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Tuf Shine’s Black Restore Kit: Product Review


As many of you know, I’ve been super happy with Tuf Shines tire dressing for many of the reasons listed here in my how to video, and here with my review of their tire dressing. Well they have been reworking the black restore product and sent me some to test out, now if you know me I take my time in testing.  I’ve been accused of taking too long but for me its about making sure my opinion is well tested.  I try my best to be creditable for the long haul and not just part of the hype.  I digress, so this newer formulation is much blacker than the first, and works equally as well.  What exactly is black restore?  Its based on the same make up as the tire dressing/coating except it has a UV stable dye mixed in that does not separate.  I’ve used it on my tires to give them a more matte finish, and it really darkens them up and if you wanted to give a sheen to them afterwards, just apply the clear tire dressing.  What I haven’t tested is multi layering of the products on each other, much like an Oreo (black restore, clear, black restore, clear), maybe that can be tested later, but at present the black restore topped with the tire dressing/coating yielded no negative effects after several months of use.  So in hypothetical theory it should be fine, but I’m of the school of thought that reality can trump theory, thus I test.

Since it worked so well for my tires I’ve been looking for other surfaces to test this combo on.  Each year I sponsor detailing sessions for a car that that is given away in a raffle for the largest multi day car show in Utah, The Cache Cruise In.  Well this years car has step-ups on the running boards, I think some of the old timers called them stomp pads.  These have a rubberized material that runs the length of the running board, and in this case wasn’t looking too shabby, but lacked the bright black look they wanted for the car.  Since the rubber was something people might, would and could step on it couldn’t be dressed with a silicone based dressing that would make it very slick and cause a fall.  The first product I thought of was Black Restore by Tuf Shine as it wouldn’t be any more slippery than the un-coated rubberized material yet it needed to be durable as it would be stepped on and they wanted it a deep rich black color.  In this review you will see photo of before, with just the black restore, and black restore coated with tire clear coat.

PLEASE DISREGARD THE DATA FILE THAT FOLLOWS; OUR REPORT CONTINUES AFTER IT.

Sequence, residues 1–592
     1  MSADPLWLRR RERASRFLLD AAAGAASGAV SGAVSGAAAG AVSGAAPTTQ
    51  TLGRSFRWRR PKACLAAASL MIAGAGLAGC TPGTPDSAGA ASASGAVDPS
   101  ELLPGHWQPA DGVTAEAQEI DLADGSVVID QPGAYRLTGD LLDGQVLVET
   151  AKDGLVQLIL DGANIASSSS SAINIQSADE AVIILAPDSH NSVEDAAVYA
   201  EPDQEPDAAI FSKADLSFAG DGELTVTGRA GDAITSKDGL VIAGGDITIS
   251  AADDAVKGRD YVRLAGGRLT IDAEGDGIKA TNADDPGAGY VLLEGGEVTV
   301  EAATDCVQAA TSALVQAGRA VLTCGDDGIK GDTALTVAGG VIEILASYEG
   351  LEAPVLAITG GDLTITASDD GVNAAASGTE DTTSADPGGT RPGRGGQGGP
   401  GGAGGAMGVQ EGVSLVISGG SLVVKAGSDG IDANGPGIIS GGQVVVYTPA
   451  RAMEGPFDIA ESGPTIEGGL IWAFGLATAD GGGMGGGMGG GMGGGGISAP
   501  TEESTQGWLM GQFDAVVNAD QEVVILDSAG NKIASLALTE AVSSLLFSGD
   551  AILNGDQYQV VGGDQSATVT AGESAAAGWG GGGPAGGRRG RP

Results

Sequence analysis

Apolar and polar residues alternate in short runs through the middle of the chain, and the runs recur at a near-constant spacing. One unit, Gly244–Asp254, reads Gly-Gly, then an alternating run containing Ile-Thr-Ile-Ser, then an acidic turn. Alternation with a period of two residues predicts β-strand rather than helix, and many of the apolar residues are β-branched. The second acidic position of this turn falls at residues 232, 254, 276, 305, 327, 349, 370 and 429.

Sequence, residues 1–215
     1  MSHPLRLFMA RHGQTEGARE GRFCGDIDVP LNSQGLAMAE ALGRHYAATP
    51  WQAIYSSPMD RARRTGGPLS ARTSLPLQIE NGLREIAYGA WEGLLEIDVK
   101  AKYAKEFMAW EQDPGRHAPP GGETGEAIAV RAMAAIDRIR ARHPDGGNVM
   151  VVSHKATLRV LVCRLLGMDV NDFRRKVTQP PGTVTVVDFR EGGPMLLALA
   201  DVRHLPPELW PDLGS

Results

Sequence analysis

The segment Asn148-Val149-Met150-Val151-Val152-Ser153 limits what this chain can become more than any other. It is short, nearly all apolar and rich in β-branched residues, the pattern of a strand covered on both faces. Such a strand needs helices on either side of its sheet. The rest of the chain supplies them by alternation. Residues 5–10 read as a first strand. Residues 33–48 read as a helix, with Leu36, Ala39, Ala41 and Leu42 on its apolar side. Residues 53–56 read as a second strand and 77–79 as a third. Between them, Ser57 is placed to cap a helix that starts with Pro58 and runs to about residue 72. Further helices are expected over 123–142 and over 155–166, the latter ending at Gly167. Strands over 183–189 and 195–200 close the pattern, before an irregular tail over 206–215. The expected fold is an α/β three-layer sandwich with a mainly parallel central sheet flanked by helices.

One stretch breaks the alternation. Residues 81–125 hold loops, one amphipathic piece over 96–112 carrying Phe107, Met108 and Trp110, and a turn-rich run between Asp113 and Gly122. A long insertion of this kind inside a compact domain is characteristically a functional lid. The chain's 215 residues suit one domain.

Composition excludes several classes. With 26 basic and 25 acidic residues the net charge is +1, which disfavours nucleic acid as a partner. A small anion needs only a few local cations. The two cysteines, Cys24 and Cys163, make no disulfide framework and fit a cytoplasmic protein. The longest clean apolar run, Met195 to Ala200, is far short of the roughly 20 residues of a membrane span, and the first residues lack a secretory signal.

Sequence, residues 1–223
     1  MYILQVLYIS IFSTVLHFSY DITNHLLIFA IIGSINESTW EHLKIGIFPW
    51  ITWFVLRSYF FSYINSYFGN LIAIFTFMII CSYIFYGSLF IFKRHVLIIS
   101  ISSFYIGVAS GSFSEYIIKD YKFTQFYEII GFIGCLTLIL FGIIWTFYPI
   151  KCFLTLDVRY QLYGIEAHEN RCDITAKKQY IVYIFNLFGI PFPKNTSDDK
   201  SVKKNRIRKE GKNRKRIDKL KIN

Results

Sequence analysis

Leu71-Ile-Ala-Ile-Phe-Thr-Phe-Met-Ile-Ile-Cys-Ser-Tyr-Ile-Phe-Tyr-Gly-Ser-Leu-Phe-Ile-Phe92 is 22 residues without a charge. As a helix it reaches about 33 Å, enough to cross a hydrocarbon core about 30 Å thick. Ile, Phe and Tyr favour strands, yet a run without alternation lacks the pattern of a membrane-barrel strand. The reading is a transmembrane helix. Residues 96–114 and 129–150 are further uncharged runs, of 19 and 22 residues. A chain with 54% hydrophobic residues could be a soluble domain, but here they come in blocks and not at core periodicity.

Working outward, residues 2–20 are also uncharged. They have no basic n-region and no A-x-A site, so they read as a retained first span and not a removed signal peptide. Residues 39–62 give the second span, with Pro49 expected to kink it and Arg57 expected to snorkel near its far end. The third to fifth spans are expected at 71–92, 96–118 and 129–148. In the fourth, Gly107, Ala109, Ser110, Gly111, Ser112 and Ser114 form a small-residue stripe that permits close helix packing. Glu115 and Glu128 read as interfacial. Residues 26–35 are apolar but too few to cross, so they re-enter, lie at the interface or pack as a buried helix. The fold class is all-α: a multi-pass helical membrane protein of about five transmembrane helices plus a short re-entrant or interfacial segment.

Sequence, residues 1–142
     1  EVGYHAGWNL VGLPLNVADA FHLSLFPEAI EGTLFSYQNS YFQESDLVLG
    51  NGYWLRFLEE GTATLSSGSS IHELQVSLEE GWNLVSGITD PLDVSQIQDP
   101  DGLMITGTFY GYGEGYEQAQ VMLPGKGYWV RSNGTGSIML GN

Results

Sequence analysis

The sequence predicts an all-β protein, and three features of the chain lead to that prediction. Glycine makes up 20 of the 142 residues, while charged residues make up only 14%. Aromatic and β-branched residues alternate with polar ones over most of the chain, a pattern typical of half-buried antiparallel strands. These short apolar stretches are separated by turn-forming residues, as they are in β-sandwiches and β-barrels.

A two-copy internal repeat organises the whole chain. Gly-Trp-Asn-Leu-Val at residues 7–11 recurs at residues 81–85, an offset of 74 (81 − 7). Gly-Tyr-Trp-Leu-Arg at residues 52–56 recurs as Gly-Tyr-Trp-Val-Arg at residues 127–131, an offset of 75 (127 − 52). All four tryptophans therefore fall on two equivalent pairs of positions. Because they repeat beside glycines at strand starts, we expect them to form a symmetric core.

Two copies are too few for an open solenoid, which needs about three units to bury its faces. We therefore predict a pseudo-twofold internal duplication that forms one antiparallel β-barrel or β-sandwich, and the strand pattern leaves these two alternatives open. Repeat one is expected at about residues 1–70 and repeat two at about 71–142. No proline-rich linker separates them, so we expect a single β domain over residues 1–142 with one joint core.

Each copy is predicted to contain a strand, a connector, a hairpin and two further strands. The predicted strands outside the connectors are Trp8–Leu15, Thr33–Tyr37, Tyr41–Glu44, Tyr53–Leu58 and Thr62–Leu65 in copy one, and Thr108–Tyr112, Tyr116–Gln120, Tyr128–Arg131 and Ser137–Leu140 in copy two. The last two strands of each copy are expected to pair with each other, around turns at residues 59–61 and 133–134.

I’m in the process of trying to test this on cars with lots of black trim, like a Mini Cooper that needs a restoration level project.

Enjoy the photos and shoot away with questions if you have them.  More over I suggest you do some testing of your own and report back.

I just had to throw a photo of the tuf shine tire coating on the car!  That is two coats of product.  Sexy!

Here is the cleaned BUT nothing else, look of the black rubber that was going to get super black.


Applying the coating to the area, you can notice that I was a bit sloppy in the application as I got some on the metal stomp area, it removed easily with a damp cloth.  I did have to remove some that I missed after it dried, a finger nail scrape took it off the metal.  You will want to wear gloves, the kits comes with them, if not you will have black dyed fingers and nails until you scrub the bejeebbers out of them!

You can see how much darker the black rubber has become, at this point it just black restore on there……….a non sheen black look.

At this point I wanted the black to pop a bit more so I top coated the black restore with the tire clear-coating (only one application to keep from building up too much sheen)


Greg Nichols

Reflections Detailing of Utah

Greg Nichols Reflections Detailing
Greg Nichols
Reflections Detailing
Logan, Utah

7 comments on Tuf Shine’s Black Restore Kit: Product Review

  1. Keith says:

    Great article. I have this product now, but I haven’t used it yet. Also, I would love to see full photos of this what seems to be a Model A. My boss, is getting ready to restore one, and I would like to show him what one SHOULD look like.

  2. Greg Gellas says:

    Greg, the results are great! I recently got this in, and am loving the results from it.

    GregG 🙂

  3. Bill Bailey says:

    I’m glad to hear they reworked black restore.
    I used it on the trim around the Windows on my 05 GTO (The trim is known to fade quickly)

    It helped but I just wasn’t as impressed as I was hoping to be because it was more dark grey than black…

    I guess that bottle will have to be set aside for dark grey stuff that needs some touching up and ill be buying the new formulation.

    Thanks for the great review!

    • Greg Nichols says:

      Hello Bill,

      What color was the trim? I have used it on some that was greyish and it didn’t turn it midnight black, but did make it blacker. I applied another 2 coats and it became a bit darker. Maybe give it another coat or two and see.


  4. Mike Williamson says:

    Greg since this is a dye , would I be able to use this on raised white letter tires? If not, what product do you prefer for white letter tires?

    • Greg Nichols says:

      That is a concern for sure. White lettering and the use of black restore are a bit more work for sure. Other than working around the lettering the other method is that I apply some tire shine to those areas first, then apply the black restore, if some gets on the white you can wipe it off easy. You can wipe is off pretty well without the first layer, but its a nice base. I’ve also cut one of my foam applicators into small peices and “blot” the product around the lettering with pretty good success. Have a damp towel handy to wipe up as soon as you can if it gets on the lettering.


  5. Jessica says:

    Will this product work on the trim pieces that fade on exteriors? The bumpers etc?

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